In the anarchic country of James Enge’s fantasy novel A Guile of Dragons (Pyr), all services, even defense, are provided through voluntary arrangements. When the wizard Merlin Ambrosius aspires to rule, he is exiled to the distant Wardlands and forced to leave his infant son Morlock to be raised by a dwarf.
Morlock tries to wipe clean his father’s heinous sin of statism by joining the same Graith of Guardians that punished his father. But individual ambitions and suspicions hamstring the Graith’s fight against an invading guile of dragons. Morlock realizes that his dragon enemies “settled for division, but each one dreamed of unity,” a lesson that might be applied to humans as well.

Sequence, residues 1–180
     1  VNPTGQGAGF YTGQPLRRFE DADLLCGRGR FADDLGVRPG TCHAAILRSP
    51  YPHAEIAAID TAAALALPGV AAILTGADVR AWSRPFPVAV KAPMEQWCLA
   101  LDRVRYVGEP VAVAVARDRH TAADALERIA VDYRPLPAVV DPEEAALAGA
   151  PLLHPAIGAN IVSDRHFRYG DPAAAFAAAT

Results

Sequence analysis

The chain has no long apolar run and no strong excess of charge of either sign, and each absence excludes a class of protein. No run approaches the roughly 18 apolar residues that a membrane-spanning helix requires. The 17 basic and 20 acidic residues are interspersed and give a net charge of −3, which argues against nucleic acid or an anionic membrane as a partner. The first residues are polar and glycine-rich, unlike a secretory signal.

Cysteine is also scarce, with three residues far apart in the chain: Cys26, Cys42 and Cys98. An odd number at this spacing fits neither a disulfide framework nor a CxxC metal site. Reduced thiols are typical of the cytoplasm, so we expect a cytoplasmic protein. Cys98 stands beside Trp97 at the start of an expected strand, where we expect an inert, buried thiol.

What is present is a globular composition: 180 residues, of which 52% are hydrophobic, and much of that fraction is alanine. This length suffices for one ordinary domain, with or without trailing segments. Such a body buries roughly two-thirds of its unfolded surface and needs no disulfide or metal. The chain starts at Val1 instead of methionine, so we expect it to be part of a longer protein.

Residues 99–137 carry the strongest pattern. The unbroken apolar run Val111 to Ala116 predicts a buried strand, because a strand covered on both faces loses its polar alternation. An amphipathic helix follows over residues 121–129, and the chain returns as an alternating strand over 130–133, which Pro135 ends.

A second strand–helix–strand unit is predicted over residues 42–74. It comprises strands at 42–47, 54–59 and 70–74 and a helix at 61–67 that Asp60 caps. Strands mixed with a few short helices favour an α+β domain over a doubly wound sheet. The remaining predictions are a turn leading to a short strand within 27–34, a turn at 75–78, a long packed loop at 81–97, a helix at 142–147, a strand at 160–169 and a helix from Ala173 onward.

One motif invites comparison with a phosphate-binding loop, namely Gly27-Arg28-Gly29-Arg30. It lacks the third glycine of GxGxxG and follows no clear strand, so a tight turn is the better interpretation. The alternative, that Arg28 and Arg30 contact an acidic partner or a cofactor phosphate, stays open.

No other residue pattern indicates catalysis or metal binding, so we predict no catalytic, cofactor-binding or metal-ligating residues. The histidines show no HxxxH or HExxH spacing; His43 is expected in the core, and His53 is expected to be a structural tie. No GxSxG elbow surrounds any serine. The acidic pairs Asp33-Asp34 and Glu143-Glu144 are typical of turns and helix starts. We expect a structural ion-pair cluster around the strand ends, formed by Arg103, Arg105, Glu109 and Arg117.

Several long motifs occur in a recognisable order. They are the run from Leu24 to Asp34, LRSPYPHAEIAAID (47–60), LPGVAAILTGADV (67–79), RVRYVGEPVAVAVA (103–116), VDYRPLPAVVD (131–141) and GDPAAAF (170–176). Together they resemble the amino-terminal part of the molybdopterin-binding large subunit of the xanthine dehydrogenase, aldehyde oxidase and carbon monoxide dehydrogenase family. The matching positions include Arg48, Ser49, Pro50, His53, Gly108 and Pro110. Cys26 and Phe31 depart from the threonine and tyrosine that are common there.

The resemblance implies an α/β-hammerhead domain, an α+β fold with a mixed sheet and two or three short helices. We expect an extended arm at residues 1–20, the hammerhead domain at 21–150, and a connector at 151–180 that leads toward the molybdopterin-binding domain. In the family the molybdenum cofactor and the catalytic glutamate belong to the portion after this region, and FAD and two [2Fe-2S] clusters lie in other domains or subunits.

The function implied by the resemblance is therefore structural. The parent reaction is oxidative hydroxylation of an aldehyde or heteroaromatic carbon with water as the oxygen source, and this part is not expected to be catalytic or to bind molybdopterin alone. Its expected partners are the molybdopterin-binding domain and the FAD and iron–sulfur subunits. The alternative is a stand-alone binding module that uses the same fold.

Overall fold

Dwarven steel flies and dragons die in Enge’s fast-paced sword-and-sorcery novel, but the fire and venom burn upon a unique landscape. In contrast with the usual fantasy boilerplate of divine right and invisible serfs, the world of the book is modeled on Althing-era Iceland, which lacked central state authority as we understand it.